This seems to be a better workflow to me -- but I don't know and can't measure the cost in performance.  If you think it might work for you and give it a try, let us know what you find out.



Wary is sensible -- but there's nothing to worry about.  Aperture needs a Master to create an Image, and it needs to know where that Master is.  The default is for Aperture to manage the placement and storage of the Image's Masters:  it stores them in a sub-folder of your Library package.  These are Managed Masters.  Your Masters, though, can go anywhere you want.  You use Aperture to move them, and Aperture keeps track of where they are.

What I'm suggesting here is that when you import your photograph files, you import them into your main Library, but tell Aperture to store them on your SSD.  The will:

. create an Image in your Library
. create a copy of your photograph file on your SSD
. link the Image to the file on your SSD

Voila! -- those Images now have Referenced Masters.

You can change Images' Masters from Managed to Referenced or from Referenced to Managed at any time.  These changes must be done from within Aperture (don't ever do any file operations other than copy on any Masters).

What fits with your current workflow (as best I can tell from the information you've provided) is to import your photograph files as above, make all your initial adjustments (with the Masters on the SSD as Referenced Masters), and then use "File→Consolidate Masters" on those Masters to move them from the SSD to inside your Library (and thus on your system drive), thus changing them from Referenced Masters (on the SSD) to Managed Masters (inside the Aperture LIbrary wherever it is, in this case on your system drive).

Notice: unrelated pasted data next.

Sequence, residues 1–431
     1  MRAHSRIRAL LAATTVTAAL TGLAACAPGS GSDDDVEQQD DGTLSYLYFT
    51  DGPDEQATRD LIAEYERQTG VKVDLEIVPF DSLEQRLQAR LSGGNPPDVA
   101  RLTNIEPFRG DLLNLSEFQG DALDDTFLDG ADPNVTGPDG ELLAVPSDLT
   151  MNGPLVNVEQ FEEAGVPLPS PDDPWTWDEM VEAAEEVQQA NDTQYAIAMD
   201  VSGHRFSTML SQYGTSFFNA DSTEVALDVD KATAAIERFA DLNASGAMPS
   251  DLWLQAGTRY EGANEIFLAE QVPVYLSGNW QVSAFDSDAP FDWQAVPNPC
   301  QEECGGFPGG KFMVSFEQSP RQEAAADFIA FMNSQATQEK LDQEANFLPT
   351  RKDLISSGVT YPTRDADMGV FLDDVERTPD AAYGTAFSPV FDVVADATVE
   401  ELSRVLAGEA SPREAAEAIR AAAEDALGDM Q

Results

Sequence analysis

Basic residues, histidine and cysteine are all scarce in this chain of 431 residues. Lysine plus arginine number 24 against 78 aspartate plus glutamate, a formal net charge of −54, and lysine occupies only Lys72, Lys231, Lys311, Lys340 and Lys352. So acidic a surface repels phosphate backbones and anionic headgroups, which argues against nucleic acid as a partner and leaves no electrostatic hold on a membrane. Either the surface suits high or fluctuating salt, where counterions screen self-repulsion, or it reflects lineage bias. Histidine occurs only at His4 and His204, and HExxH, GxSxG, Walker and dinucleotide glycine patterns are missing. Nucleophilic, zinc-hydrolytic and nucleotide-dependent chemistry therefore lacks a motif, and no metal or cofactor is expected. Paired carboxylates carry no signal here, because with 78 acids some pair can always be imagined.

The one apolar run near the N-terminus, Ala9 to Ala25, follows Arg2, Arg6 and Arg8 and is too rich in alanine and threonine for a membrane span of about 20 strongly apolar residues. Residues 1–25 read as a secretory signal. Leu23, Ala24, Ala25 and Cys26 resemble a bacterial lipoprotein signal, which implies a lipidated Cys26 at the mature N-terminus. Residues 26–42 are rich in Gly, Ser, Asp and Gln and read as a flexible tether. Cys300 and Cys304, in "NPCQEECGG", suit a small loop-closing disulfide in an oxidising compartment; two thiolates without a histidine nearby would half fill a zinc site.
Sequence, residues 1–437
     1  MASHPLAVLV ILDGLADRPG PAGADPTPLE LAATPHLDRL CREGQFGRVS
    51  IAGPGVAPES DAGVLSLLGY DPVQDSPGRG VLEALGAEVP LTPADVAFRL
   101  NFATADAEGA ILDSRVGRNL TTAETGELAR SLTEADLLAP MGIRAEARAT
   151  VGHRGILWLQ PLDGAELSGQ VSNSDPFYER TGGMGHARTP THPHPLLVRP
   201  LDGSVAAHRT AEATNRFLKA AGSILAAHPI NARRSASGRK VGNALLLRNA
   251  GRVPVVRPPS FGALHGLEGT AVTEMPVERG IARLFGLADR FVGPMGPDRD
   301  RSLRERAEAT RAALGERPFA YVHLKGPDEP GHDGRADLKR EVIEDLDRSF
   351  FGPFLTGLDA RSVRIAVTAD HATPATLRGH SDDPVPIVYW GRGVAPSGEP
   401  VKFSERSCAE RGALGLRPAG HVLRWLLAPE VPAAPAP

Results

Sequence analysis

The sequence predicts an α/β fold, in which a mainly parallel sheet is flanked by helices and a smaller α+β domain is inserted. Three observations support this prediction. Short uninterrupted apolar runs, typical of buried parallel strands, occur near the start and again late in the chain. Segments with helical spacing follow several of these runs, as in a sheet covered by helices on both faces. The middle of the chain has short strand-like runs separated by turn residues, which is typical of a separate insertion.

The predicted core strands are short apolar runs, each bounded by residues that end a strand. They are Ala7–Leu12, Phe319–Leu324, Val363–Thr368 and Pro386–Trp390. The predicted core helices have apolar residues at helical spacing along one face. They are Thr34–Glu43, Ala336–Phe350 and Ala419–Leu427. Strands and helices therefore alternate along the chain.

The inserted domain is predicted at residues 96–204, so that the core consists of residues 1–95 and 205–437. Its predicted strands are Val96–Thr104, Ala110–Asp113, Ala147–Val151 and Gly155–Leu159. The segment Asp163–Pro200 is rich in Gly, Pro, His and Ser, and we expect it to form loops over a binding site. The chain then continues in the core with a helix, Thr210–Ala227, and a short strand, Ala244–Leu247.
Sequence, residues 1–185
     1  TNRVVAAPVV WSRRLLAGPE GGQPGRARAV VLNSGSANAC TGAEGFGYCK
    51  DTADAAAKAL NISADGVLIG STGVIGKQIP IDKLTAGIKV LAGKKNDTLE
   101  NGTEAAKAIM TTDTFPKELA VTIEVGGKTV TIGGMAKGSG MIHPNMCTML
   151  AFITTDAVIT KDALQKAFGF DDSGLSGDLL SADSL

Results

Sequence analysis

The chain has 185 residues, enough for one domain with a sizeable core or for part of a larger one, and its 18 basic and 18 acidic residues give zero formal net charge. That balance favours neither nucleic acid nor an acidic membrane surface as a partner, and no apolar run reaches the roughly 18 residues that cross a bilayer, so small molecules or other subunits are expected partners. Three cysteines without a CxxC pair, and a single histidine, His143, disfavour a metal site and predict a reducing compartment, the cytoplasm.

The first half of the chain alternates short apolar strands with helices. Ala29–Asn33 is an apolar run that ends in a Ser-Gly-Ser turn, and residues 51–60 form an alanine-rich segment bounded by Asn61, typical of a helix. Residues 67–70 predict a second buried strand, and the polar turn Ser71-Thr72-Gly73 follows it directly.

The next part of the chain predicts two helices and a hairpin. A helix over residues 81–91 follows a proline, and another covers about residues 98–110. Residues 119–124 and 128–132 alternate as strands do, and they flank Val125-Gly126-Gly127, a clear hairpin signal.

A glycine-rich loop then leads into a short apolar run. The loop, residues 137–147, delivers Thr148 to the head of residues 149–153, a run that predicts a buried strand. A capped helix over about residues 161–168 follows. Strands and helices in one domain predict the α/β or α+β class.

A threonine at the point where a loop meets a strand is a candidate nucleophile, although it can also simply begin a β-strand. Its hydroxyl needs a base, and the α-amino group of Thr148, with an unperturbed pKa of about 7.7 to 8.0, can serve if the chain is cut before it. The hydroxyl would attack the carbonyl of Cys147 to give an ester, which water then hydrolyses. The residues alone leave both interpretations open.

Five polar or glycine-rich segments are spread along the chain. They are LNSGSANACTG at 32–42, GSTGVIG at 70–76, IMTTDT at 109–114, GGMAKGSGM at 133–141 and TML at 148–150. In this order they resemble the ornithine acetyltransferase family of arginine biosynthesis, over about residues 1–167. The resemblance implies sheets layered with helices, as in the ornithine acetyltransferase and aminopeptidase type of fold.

While I can assure you there is nothing untoward about what I've suggested, regular precautions should always be applied: back-up your photograph files prior to importing them into Aperture.  (Fwiw, I treat the original on my card(s) as my back-up, and never delete it until I have both imported my photograph files and backed them up.)



Thanks Kirby,

That sounds like a good plan and will save me exporting and importing files from/to libraries on the different drives.

Doing it that way though I guess will mean the adjustments will be stored on the mechanical drive where the main library resides and these will have to be written and read from there each time. I know such things are small when compared to the picture files but could this introduce delays when compared with reading and writing everything only from/to the SSD.

Anyway, I'll give it a try this way with the next batch I shoot, probably Wednesday night.




Well last night I shot a relatively small batch (only 50 or so, I was rained off) and imported them into Aperture using the method described above by Kirby. That is, I told Aperture to store the masters on my SSD rather than in the main library. I proceeded to work through them making adjustments and exported jpegs for my website and then consolidated the masters to the main Aperture library.

Maybe I'm imagining it but I don't think it felt quite as fast as my previous method when I created a project in a library on my SSD.

Also, the other thing I noticed which was peculiar was that after consolidating the masters it moved all the master files from the SSD to my main Aperture library apart from those for which I'd created another version (using alt-v in Aperture). For some reason the master files for these pictures remained on the SSD until I chose just these three on their own and selected the consolidate masters again. Has anyone else experienced this quirk?

I'll try it again with my next hopefully bigger batch of pictures to see what happens.